News & Politics

A Preposterously Brief History of Washington

A 1792 map of the early plans of DC, by L'Enfant. Courtesy of the Library of Congress.

It wasn’t actually a swamp. But it wasn’t a city, either, which pleased those Founding Fathers who were suspicious of big-city culture. A deal got cut: Uncle Sam absorbed states’ Revolutionary War debts, a move many Northerners wanted. In exchange, the Southerners got the capital.

A Frenchman named L’Enfant was hired to draw a map worthy of an empire. But the government wouldn’t spend on its capital; most of the grand avenues existed only in name. After the British burned the place in 1814, there was serious talk of not rebuilding.

A few decades later—with the Capitol dome still unbuilt—the formerly Virginia parts of DC left. This was partly because Congress wouldn’t invest in facilities, but also because America was increasingly polarized over slavery. Another deal got cut: No more selling humans here—but owning was still okay.

The population boomed during the Civil War. Afterward, the District elected a governor who did things like pave and light streets, something that in muddy DC was a big enough deal that “Boss” Shepherd remains a local hero even though he got run out of town over finances.

During the Gilded Age, the government became an actual civil service that hired on merit, which decreased the revolving-door-of-patronage-hacks factor and also made Washington an attractive place for African-Americans moving north. In the 20th century, that government swelled, spurred by the Depression and World War II. (The New Deal also landed DC a slew of memorials.)

Like most wars, the Cold War was good to Washington. Most of the growth took place in the burbs, aided by the brand-new Beltway and Metro. After the 1968 riots, DC’s population stalled, a product of white flight. The spectacle of a majority-black population with no voting rights became a civil-rights issue.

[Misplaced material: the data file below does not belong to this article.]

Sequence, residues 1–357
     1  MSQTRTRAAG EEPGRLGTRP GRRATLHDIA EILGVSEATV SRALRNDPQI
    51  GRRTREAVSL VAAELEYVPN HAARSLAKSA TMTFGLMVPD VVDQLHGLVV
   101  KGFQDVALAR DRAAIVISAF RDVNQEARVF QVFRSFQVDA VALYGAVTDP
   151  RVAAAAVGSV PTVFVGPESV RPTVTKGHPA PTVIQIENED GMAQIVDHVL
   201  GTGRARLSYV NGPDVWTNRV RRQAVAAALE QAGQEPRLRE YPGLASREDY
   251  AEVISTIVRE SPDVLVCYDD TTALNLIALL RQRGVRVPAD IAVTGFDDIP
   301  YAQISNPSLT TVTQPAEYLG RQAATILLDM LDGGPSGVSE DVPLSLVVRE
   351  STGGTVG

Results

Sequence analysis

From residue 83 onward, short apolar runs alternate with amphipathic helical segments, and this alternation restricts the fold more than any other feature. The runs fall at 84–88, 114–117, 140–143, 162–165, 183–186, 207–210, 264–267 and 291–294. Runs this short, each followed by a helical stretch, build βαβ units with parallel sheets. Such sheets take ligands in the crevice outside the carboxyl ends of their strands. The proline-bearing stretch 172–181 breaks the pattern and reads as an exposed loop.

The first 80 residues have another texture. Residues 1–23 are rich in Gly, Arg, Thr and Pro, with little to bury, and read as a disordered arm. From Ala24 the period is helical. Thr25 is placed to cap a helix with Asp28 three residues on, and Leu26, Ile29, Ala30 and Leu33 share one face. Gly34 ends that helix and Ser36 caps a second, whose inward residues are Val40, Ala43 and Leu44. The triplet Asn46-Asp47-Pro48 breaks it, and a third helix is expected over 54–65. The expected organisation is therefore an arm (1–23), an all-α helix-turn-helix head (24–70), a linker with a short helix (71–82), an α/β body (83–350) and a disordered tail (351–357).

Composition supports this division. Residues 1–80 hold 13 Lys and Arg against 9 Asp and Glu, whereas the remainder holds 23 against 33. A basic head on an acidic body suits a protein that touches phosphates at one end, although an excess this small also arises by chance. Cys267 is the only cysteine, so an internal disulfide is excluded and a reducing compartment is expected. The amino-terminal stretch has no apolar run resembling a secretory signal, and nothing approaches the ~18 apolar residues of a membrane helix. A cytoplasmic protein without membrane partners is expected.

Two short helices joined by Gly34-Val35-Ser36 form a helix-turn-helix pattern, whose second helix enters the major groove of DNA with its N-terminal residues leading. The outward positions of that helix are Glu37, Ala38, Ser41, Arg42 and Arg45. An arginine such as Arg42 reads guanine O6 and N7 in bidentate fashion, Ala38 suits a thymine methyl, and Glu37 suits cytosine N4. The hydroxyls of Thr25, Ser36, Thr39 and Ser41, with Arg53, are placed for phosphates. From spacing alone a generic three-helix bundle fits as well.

After home rule arrived—with a bunch of maddening loopholes—DC had a political culture pretty typical of 1980s cities. There were shiny new developments downtown. And, in the neighborhoods, a sense that the bloated government wasn’t up to fighting crime and drugs. Mayor Marion Barry himself got caught in a bust. The government went bankrupt even as the region’s economy thrived. There were jokes about the last one out turning off the lights.

But a funny thing happened. A bunch of new populations found that this was actually a place they wanted to live: gay people, creative-classers, immigrants, folks sick of sprawl. The population grew a bit in the ’90s. It grew a bunch in the 2000s. Nowadays, it adds about 1,000 a week, many of them upscale types who have fueled a boom in condos and fancy eateries—and deep concerns by those who feel left out.

Right now, the prediction is that DC will have 800,000 people by the next decade. We worry about where they’ll live and whether they can afford the rent. But if you’re a newcomer who’s been house-hunting, you know that. You’re part of our history now, too.

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Editor

Michael Schaffer has been editor of Washingtonian since 2014. A former editor of Washington City Paper and editorial director of The New Republic, Michael is also the author of One Nation Under Dog, a 2009 book about America’s obsession with pets. A DC native, he currently lives in Chevy Chase DC with his wife and their two daughters.

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